Self-care tips and support for Eating Disorders – #EatingDisorderAwarenessWeek 2023

During this year’s Eating Disorder Awareness Week, AMH EveryBODY looks at how these disorders can affect anyone – as they have no look, shape or size  . . .

Between 1.25 and 3.4 million people in the UK are living with an eating disorder right now, with recent NHS research highlighting that 6.4% of adults display signs of an eating disorder.  Approximately 25% of those presenting with an eating disorder in the UK are males (, 2023).

Eating disorders are serious and complex mental disorders influenced by a facet of factors, involving disordered eating behaviour, such as reduced food intake or overeating then purging through exercise, laxatives or through the use of an emetic, or a combination of these behaviours. (

Importantly eating disorders are not all about food itself, but about feelings. How a person interacts with food may make them feel more able to cope, or more in control.

Though the exact cause of eating disorders is unknown, it is generally believed that a combination of biological, psychological and social factors contribute to the development of these illnesses. They are a coping mechanism for difficulties in that individual’s life, and are much more about feelings at the core, than they are about just food or weight.

Eating disorders have no look, shape or size. They can affect anyone, at any age, gender, race, ethnic background, from all walks of life. Eating disorders are as individual as the people they affect. According to Eating Disorders NI, although traditionally assumed as a disorder affecting teenage girls, it can impact anyone and not everyone will have the same signs, symptoms or experiences.

Department of Health NI estimated figures reveal that up to 20000 individuals will be living with an eating disorder at any one time in Northern Ireland and with an annual spend of £2 million dedicated to specialist eating disorder services since 2008, excluding inpatient and treatment costs outside Northern Ireland, it is evident how much this affects our local population and economy (

 Deborah McCready who works with AMH EveryBODY managing services for clients living with eating disorders  said,

“Behind every statistic, every diagnosis is a person who feels. You deserve to be heard, you deserve to be valued. EveryBODY deserves support. Continuing, “If I could offer anyone reading this post during this Eating Disorder Awareness Week, who may be struggling in silence with their eating disorder, I would like to reassure them that eating disorders have no look, shape or size. I also want to remind you that you are so much more than your eating disorder. You are more than numbers, shape or size. You bring value to this world simply by being you.  Eating disorders thrive in isolation so recovery begins with support.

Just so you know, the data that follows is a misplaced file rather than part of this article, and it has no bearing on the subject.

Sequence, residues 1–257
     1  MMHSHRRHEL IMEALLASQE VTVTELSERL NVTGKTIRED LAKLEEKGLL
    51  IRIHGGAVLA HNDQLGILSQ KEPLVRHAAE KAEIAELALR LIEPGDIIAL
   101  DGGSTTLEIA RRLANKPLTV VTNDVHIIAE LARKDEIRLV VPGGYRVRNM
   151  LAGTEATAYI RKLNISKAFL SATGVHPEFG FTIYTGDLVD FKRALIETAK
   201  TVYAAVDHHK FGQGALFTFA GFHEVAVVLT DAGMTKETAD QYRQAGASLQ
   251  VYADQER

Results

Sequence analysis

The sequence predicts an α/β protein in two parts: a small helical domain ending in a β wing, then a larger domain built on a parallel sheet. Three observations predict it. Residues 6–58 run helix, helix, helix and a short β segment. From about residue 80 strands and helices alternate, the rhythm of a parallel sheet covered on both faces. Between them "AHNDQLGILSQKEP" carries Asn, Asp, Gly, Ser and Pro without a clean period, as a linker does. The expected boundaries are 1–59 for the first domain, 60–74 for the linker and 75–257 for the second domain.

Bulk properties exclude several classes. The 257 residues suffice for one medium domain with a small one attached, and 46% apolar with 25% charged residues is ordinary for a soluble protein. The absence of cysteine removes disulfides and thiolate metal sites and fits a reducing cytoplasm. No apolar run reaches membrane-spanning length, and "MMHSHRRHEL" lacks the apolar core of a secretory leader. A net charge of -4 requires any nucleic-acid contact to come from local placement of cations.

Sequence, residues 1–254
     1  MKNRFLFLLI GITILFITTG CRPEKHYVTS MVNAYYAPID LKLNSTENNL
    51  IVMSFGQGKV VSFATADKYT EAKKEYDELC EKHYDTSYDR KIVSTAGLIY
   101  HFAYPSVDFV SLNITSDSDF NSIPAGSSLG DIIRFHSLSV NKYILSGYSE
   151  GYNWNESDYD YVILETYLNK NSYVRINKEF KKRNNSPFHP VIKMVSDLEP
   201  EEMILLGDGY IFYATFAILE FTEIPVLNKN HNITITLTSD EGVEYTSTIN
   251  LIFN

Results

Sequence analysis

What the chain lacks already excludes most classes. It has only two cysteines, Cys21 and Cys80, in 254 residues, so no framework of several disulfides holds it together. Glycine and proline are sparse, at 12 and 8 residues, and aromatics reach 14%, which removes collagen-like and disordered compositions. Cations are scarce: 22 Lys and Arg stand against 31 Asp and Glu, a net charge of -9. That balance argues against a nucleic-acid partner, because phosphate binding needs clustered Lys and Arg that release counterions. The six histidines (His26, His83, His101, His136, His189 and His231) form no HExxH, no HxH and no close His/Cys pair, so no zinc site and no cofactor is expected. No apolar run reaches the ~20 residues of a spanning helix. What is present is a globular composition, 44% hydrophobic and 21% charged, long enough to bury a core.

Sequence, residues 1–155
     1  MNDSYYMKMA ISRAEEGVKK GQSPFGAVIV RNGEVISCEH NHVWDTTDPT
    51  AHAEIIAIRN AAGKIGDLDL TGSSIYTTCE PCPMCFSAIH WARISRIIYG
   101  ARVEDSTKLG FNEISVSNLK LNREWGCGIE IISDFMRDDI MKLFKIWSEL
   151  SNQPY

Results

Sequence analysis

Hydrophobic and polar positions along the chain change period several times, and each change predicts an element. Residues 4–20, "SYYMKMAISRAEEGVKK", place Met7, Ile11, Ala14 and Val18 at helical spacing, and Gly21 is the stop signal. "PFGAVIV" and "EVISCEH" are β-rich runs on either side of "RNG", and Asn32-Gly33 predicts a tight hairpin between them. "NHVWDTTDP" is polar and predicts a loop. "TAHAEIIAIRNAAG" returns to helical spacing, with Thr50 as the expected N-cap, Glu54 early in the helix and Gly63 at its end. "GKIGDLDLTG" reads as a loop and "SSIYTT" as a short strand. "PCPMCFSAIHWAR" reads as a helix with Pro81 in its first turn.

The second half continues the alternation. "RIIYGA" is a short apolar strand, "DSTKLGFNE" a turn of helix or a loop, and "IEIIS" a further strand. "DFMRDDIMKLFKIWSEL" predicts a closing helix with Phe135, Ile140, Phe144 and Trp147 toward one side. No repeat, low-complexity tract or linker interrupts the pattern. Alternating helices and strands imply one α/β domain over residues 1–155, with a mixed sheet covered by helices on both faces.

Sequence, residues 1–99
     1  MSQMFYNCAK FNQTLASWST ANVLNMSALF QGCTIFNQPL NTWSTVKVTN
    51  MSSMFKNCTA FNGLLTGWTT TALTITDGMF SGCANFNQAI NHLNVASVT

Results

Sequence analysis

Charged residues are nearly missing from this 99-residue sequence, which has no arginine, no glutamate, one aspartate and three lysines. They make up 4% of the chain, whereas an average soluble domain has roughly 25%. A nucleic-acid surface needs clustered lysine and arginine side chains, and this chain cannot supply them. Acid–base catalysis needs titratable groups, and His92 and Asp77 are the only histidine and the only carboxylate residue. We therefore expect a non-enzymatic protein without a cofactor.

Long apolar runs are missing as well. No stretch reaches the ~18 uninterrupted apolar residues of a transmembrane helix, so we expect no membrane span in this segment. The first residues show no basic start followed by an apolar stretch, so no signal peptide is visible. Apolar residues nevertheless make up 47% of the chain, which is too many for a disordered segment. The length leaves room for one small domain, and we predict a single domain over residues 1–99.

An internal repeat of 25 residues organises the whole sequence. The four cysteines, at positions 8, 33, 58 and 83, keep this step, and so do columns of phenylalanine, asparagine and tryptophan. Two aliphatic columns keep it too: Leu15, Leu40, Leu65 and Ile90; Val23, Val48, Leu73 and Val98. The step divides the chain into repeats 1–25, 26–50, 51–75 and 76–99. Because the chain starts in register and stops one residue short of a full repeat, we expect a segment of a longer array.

If you are struggling today please know that your voice matters, you deserve to be heard.  It is never too soon, or too late to ask for help. EveryBODY can be affected by eating disorders, so everyBODY deserves support.”

Eating Disorders Awareness Week (EDAW) runs from 27 February – 5 March 2023.

This week we will share client stories – relatable testimonials and anecdotes, self-care tips and links to our video and useful websites where you will find more information and help. Remember, you are not alone and that you are enough.

NHS advice to help someone living with an eating disorder:

If a friend or relative has an eating disorder, such as anorexia, bulimia or binge eating disorder, you will probably want to do everything you can to help them recover.

You’re already doing a great job by finding out more about eating disorders and how to try to support them – it shows you care and helps you understand how they might be feeling.

Getting professional help from a doctor, practice nurse, or a school or college nurse will give your friend or relative the best chance of getting better. But this can be one of the most difficult steps for someone living with an eating disorder, so try to encourage them to seek help or offer to go along with them.

You can support them in other ways, too:

  • Keep trying to include them – they may not want to go out or join in with activities, but keep trying to talk to them and ask them along, just like before. Even if they do not join in, they will still like to be asked. It will make them feel valued as a person.
  • Try to build up their self-esteem – perhaps by telling them what a great person they are and how much you appreciate having them in your life.
  • Give your time, listen to them and try not to give advice or criticise – this can be tough when you do not agree with what they say about themselves and what they eat. Remember, you do not have to know all the answers. Just making sure they know you’re there for them is what’s important. This is especially true when it feels like your friend or relative is rejecting your friendship, help and support. Click here for more information

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